The measured angles are distributed in a gaussian manner around an angle φ0 with a width σ. The distribution of angles in the control has two populations. One where the two arms are exactly above each other which leads to very small angles and one where the slightly twisted arms are pulled down to the surface at the adheration to the grid and therefore is pushed to the side and repelled from the lower arm. This leads to the distribution around an finite angle. Further more we measured a structure with an internally induced twist by including additional base pairs in each helix (these additional base pairs lead to a net torque in each helix and therefore a macroscopic deformation of the structure) which lead to a distribution of the angles around a much higher angle. The population around zero is maybe due to deformed structures which had no second arm and couldn't be excluded. This results in many angles around zero. The other population around the finite angle is now the more spread structure. This angle is shifted to higher values by approximately a factor of 2 because of the induced twist. So in principle this way of measuring the deformation of our structure in dependence of induced stress works.
The width of our measured angles can be explained by the following mechanism:
when the grids for TEM are prepared, the structures are able to fluctuate around a certain mean position which - in our case - corresponds to φ0. So when the structures adhere to the carbon film of the grid and stain is added, they are fixed in one actual position. Since this fluctuation can be described by a Boltzmann distribution, we can easily calculate a theoretical value for the width of our angle measurements with some assumptions (for more details, please see: Thermal fluctuation of the arms).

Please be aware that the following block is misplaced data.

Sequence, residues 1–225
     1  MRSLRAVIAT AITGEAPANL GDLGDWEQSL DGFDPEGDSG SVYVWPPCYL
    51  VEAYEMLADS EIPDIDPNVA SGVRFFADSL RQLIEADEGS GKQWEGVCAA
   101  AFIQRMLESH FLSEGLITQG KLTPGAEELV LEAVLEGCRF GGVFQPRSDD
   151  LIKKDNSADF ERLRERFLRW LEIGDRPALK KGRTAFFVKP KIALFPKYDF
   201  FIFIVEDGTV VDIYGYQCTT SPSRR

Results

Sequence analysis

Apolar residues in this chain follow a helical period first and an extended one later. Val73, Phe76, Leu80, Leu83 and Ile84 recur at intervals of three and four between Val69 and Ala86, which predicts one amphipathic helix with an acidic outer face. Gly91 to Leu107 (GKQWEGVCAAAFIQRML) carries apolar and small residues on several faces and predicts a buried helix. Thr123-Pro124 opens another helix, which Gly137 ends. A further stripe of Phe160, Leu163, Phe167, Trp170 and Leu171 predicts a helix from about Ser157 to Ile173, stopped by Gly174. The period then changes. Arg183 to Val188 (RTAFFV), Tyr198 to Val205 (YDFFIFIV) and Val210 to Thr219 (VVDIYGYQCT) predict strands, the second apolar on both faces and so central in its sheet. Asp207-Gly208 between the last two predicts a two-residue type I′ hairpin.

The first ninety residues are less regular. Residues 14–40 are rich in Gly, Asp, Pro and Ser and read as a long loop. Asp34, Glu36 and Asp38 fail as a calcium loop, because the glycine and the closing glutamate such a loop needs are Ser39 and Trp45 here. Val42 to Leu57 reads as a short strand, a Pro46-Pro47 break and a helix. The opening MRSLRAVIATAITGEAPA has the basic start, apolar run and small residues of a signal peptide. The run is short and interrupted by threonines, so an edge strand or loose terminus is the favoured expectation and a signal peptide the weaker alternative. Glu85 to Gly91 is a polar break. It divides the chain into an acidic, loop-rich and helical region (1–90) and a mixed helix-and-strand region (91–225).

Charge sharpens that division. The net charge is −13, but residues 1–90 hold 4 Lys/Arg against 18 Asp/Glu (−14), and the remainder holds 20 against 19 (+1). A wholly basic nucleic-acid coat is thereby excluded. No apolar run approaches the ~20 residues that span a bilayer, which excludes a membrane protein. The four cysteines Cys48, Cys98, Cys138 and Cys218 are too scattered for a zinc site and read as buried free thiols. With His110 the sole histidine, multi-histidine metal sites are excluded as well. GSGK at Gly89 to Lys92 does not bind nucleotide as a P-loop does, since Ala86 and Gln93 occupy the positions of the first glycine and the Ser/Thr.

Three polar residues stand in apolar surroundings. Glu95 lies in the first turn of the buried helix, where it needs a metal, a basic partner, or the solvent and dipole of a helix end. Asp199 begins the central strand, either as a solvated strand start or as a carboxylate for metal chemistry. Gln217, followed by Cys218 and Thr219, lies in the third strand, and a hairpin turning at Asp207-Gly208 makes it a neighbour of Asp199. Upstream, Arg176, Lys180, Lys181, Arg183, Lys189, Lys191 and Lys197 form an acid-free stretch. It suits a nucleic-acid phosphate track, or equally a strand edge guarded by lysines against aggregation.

So we get a theoretical prediction of
which approximately explains the width of our measurements.
The theory determines the torsion for these particular φ-values to ° and °. This corresponds to a torsion of 5° per base-pair in the base.
We also measured the lengths of the origami structures on the TEM images. Histograms of the length distributions display a gaussian shape (figure xxx). For increasing concentrations of spermine, the length decreases steadily (figure yyy, for raw data see this file: Image:TEM length measurements raw data.xlsx). Surprisingly, for rising concentrations of ethidium bromide, the length decreases as well, although addition of ethidium bromide is known to increase the length of a simple double stranded DNA. It seems, that origami structures respond in another manner then single helices.
Fig. xxx: Length distribution of theU negative control, with a gaussian fit, histogram based on 256 particles
Fig. xxx a: Gaussian fits of length distributions of ethidium bromide concentration series
Fig. xxx b: Gaussian fits of length distributions of spermine concentration series
FRET Bulk Measurements
For first tests, a simple 18 bp DNA double helix with Atto 550 ddCTP at the one end and Atto 647N ddUTP at the other end was examined.